Courts can impose restrictive conditions upon grant of bail subject to the evidence produced. The High Court bench consisting of J. Anoop Chitkara laid down strict conditions upon the petitioner seeking grant of bail in the case of Dinesh Kumar v. State of Himachal Pradesh [Cr. MP(M) No. 67 of 2021].
The petitioner, came up to the court seeking regular bail on the ground that he was innocent. The petitioner had been accused of establishing sexual relation with the victim, a female aged 30 years and belonging to the Scheduled Caste Community, under the false promise that he would marry her. The victim filed an FIR against the petitioner claiming that he had stayed with her for four years under the promise of marriage and continued to have sexual relation during the entire period. He also promised the victim to solemnize Court Marriage in 2021. However, he was discreetly engaged with some other girl and upon confrontation about the same, he told the victim that such engagement was because of the family pressure and he was unhappy with the same. He continued to have coitus with her after this and even gave her contraceptive pills.
The Learned Counsel for the petitioner contended that incarceration before the proof of guilt would cause grave injustice to the petitioner and his family. The Counsel for the State on the other hand contended that if the Court was inclined towards granting him bail then such a bond must be subject to very stringent conditions. This would take care of any possibility of the accused influencing the investigation, tampering with evidence, intimidating witnesses and the likelihood of fleeting justice. Relying on the case of Sushila Aggarwal v. State (NCT Of Delhi) [(2020) 5 SCC 1, Para 92], the counsel argued that the Court could impose restrictive conditions subject to the evidence produced.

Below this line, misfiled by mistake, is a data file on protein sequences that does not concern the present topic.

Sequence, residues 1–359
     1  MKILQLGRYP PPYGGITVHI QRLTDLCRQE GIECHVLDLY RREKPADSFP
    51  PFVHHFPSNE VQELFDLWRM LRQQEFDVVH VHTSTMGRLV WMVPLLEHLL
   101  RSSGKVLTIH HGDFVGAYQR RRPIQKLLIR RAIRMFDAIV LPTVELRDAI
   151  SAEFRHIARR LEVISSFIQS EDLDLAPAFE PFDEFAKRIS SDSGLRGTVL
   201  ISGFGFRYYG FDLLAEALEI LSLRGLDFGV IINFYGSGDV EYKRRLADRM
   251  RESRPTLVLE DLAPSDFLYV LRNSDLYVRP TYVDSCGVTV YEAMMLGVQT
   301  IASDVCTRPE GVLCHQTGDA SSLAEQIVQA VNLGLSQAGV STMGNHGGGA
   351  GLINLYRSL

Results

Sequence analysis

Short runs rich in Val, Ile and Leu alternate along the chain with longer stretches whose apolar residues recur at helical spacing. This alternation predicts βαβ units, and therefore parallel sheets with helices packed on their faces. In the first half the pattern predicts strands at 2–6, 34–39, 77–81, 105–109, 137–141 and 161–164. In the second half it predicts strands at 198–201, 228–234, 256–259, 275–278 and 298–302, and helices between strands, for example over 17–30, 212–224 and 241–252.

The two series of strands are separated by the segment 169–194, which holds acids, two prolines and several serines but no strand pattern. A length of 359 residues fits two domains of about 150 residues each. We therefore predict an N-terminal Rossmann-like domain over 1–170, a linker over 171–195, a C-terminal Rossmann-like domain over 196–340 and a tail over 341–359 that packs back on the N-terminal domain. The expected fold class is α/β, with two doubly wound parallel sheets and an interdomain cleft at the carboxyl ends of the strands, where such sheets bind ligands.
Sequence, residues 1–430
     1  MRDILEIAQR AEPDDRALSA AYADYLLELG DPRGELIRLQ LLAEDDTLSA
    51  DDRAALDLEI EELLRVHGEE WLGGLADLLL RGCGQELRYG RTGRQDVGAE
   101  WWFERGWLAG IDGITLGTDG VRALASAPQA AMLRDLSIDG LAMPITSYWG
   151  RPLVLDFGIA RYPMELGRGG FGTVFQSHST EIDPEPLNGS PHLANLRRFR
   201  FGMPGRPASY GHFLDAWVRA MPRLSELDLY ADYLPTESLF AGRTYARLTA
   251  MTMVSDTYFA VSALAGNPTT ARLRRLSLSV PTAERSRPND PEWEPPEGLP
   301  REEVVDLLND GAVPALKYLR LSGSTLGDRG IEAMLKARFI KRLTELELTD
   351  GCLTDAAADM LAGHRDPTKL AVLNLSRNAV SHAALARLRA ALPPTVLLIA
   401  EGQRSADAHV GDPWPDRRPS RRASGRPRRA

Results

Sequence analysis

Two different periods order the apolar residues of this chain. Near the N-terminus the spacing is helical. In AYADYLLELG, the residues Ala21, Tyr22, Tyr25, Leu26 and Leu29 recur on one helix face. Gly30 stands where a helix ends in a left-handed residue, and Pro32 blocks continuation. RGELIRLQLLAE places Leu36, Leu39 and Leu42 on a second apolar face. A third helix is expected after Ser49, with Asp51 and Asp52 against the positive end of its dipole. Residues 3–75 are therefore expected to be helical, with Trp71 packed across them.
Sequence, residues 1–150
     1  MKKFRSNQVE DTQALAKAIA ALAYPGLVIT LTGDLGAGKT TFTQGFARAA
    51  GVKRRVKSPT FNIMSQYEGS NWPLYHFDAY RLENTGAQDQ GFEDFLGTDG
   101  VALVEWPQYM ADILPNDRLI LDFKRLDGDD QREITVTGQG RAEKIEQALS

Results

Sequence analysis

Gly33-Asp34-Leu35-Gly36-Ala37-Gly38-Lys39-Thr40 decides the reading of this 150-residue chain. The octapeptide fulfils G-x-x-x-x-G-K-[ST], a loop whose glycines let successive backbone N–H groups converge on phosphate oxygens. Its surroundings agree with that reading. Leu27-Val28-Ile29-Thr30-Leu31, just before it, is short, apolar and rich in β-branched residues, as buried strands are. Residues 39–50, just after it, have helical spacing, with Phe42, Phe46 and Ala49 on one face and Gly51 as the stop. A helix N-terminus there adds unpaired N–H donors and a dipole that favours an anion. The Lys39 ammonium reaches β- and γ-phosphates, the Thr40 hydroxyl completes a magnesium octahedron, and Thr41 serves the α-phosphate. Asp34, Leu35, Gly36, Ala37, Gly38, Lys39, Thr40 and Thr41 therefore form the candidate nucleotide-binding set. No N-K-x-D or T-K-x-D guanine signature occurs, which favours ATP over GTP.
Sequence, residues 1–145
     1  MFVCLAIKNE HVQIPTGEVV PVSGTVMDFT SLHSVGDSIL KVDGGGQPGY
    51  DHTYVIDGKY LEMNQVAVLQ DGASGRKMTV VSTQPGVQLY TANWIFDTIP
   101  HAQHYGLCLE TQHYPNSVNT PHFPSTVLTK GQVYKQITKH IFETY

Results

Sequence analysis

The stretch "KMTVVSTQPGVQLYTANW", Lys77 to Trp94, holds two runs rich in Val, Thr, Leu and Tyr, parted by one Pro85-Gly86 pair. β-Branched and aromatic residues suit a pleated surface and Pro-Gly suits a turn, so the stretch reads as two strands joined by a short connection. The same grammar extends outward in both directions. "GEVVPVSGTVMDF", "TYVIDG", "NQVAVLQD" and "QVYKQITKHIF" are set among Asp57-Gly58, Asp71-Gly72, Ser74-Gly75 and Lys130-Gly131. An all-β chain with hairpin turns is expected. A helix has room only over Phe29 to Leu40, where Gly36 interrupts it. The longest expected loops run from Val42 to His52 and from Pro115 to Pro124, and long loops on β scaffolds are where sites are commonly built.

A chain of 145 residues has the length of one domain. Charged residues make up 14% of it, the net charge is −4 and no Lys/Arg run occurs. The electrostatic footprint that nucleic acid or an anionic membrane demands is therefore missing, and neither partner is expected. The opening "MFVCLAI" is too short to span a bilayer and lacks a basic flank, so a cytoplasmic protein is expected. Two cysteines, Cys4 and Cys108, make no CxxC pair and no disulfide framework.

The High Court, upon analysis of the case stated that the victim continued to have coitus with the petitioner even when she came to know that he was engaged with another women, and hence, any further incarceration of the petitioner would not be justified. Due to this, the petitioner is eligible for bail. Relaying on the case of Manish Lal Shrivastava v. State of Himachal Pradesh [CrMPM No. 1734 of 2020], the court observed that “Any Court granting bail with sureties should give a choice to the accused to either furnish surety bonds or give a fixed deposit, with a further option to switch over to another”. Further, the court asked the petitioner to surrender all firearms along with license within 30 days, which he, subject to the provisions of the Indian Arms Act, 1959, could claim back in case of acquittal. Further that the bail could be cancelled if during the pendency of the trail the petitioner repeats or commits any offence where the sentence prescribed is more than seven years or if he violated any condition stipulated in the present order.